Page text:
Being a Woman and Dealing with Press and Media
A few weeks ago I was asked to give an interview for a German online gaming portal that wanted to take a closer look at the company I am doing level design for and the product we are currently working on. Since it is a casual MMO that comes from an Austrian team the game and the team working on it has become the center of interest. Rightfully so. Another issue that has become another focus point is the fact that I am, genetically speaking, a woman. More so, a woman that dabbles in a male-dominated area – games and design.
I agreed to answer a few questions and to be mentioned as the only woman working in an otherwise male-only dev studio. I agree, it is worth being mentioned but only as a sideline. Especially, since I am the newest member of the team, while others have been working on the project from day one.
The interview itself – rather curious but hard to put into words that can describe the enormous inner monologue I was simultaneously reciting in my head. Just to keep me calm.
The first question I was confronted with was (in a nutshell) “What’s it like being a woman?”. Now that is straight forward and actually set the tone of the interview that should follow. This question, being my favorite, was followed by similarly charming questions like “How do you design as a woman?” and “How did you, as a woman, get this job?”. The tendency was set. A woman, in a male-dominated job, is not only exotic but a thing that can not be. Or shall not be. Or…nevermind.
I was also quite amused when scientific facts were discussed, such as the inability of women to enter a 3D world, play a shooter or be otherwise interested in playing something other than a helpful character with a fluffy sidekick. Explains, why all women play hunters and healers in WoW.
I tried to answer all questions with sincerity and as understandable as possible. That I would not design as a representative of a gender but for a target audience. If this target audience is 60% male I will design for this target audience. If the target audience mainly consists of 10-year old children I will design for this target audience. Never as a woman but always as a designer.
The question about how I got the job implied that it is either almost impossible for a woman to get a job in IT or that she has to undergo an unusual amount of oral applications.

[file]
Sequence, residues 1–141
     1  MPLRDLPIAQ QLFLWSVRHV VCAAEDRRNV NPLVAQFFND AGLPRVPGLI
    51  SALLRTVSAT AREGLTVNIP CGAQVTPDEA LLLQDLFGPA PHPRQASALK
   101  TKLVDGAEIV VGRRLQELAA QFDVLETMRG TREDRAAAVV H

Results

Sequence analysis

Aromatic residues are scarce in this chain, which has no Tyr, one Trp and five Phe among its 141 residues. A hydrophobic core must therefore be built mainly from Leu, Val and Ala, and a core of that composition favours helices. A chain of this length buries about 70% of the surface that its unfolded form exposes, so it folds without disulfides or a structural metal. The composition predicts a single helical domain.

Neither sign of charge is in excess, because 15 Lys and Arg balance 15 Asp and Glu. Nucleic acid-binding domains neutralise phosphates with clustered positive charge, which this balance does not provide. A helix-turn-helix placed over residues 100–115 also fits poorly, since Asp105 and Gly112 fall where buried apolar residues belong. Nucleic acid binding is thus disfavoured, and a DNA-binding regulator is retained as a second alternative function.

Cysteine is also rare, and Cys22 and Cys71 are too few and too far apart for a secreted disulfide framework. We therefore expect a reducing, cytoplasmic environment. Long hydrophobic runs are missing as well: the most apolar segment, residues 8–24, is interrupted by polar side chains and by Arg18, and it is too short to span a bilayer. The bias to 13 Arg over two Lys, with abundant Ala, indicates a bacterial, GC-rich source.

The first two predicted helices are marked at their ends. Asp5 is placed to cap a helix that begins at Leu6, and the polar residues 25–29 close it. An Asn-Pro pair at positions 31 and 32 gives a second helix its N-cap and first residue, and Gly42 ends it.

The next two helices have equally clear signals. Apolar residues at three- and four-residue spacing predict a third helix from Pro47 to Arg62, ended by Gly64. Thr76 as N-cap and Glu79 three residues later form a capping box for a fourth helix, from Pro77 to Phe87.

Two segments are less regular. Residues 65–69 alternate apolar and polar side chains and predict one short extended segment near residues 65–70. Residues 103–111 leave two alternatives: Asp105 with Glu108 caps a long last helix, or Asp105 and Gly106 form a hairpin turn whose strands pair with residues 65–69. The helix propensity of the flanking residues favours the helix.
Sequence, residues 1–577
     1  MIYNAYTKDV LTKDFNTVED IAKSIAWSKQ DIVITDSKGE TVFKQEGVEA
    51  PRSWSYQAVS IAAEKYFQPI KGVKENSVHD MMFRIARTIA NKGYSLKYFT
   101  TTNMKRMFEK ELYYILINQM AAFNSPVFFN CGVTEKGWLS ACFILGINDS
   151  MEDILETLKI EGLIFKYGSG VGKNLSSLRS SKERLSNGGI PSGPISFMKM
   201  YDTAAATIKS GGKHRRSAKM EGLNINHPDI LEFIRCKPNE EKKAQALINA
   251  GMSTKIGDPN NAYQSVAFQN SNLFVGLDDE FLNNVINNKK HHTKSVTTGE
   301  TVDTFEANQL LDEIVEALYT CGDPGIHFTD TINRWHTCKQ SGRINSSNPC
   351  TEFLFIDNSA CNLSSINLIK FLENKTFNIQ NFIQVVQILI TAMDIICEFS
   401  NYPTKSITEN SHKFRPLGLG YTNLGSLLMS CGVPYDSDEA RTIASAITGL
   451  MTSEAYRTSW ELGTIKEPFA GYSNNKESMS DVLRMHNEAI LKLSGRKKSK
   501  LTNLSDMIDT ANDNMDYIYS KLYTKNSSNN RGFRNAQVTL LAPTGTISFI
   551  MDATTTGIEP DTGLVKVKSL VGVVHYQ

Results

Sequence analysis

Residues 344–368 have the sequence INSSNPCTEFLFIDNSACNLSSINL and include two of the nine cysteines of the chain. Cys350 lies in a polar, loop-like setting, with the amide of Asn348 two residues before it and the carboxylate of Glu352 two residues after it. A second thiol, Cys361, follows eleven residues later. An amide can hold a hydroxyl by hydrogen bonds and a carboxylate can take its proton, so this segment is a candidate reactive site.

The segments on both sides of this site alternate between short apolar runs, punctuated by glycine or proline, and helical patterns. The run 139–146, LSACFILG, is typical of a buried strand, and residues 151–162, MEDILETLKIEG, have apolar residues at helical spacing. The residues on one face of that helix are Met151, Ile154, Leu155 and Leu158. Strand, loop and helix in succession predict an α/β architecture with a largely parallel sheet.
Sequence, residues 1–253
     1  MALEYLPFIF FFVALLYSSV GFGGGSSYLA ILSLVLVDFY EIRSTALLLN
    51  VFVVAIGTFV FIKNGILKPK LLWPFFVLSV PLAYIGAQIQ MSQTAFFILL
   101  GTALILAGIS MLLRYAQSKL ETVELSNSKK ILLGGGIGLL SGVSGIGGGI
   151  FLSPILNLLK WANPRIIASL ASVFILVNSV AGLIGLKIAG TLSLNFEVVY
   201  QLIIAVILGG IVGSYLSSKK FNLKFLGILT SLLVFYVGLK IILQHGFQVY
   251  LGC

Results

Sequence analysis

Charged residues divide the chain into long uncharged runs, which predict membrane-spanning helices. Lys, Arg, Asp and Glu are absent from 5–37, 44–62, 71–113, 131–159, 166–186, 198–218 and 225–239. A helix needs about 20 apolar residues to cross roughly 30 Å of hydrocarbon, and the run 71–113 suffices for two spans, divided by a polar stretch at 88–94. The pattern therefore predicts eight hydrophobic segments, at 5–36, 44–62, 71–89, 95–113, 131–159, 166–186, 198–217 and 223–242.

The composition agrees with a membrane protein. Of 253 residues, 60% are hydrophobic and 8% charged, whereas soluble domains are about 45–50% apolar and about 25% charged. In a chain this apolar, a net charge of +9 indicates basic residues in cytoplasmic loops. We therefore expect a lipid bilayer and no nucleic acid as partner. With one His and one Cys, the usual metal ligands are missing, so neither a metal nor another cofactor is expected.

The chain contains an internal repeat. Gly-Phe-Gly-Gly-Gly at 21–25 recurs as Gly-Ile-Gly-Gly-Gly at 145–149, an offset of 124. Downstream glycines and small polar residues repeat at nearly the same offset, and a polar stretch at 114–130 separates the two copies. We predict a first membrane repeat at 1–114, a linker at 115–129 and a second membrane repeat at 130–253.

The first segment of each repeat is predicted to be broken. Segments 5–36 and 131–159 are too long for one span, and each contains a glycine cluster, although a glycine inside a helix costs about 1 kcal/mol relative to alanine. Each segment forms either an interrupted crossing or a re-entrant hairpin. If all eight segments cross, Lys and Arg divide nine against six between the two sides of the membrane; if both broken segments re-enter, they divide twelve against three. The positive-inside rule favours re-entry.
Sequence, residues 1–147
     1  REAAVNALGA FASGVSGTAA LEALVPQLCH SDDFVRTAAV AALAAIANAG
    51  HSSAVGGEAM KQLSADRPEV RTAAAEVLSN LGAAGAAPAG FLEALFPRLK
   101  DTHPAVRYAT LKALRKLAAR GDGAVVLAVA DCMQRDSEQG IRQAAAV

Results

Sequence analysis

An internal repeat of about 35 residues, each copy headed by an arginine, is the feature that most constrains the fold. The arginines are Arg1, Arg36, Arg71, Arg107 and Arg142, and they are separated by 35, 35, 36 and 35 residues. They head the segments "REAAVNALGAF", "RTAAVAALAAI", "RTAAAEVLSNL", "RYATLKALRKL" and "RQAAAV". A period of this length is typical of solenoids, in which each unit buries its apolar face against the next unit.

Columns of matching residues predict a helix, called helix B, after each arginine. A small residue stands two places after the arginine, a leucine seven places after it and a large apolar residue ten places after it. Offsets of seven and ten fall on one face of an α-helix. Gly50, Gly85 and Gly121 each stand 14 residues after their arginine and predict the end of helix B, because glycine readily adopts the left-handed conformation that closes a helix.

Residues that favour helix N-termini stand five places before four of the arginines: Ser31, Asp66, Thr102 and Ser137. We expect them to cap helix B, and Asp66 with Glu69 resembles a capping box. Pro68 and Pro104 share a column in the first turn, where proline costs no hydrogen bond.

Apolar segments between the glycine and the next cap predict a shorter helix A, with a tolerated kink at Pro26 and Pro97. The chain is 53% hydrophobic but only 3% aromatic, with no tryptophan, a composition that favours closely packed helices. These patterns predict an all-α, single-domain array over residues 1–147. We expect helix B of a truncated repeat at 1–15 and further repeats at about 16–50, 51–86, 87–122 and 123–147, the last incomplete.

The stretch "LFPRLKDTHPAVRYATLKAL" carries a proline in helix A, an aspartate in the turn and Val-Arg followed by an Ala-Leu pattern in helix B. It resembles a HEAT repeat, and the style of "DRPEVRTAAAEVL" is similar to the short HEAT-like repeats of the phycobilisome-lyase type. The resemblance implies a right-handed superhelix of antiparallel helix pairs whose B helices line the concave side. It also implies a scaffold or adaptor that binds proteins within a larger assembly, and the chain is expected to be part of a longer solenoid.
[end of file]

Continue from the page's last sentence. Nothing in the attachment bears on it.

Judging from the questions during the interview and the general attitude towards women in IT I expected an interview that would somehow reproduce what I have said but add a few things here and there to make it more interesting.
I did not expect what was sent to me by an acquaintance last night. A huge banner with a portrait that resembled me with a lot of reconstruction in Photoshop™. My trademark hair-screw was replaced by a ponytail. People who know me know that I will not appear with a ponytail. My face was re-invented. It probably needed that anyway.
What was worse than the occasional frenzy in Photoshop™ is the fact that I was announced as the mastermind behind the project. “Gamer Girl develops MMO – The creative mind behind the game.” I can assure you, we were all a little surprised about that. Even more surprised when I read into the interview and noticed how answers, that either my boss had given or they themselves came up with were printed as if I had said them. More surprised that answers were printed that no one had given in any way or form.
I know that the media losely deals with information they have gathered. It is an artform, not a form of communication. Each and every article mirrors the intent, the opinion and the language of the author, not the person being interviewed.
During my studies I had to take a few interviews myself. Back then we tried and be as true to the original as possible. Re-printed the original dialogue so that the reader would not only have to rely on the author’s interpretation but read the “real deal”. Before an article or a paper was handed it or published, the interview partner would receive the first draft. If they were ok with it – it was good to go and ready to use.
Somehow, this notion of sharing valid information got lost in page hits and tabloids. All that is left is a twisted version of trash art – take something and make something else out of it.
Am I disappointed? Hell, no, I almost knew this would happen. Am I pissed? Hell, yes. Spreading that much misinformation and using my face for it is unprofessional. It also creates an image of my person that is far from the truth.
The alert reader might have noticed that I have not provided you with a link to the interview. Note me.
Filed under: Fairy Tales, game, Game Design, Game Related, Gamer Girls, Level Design, MMO, Private, target audience | 9 Comments
Tags: austria, development, female, game, Game Design, interview, IT, Level Design, media, misinformation, MMO, press, unprofessional, vienna, woman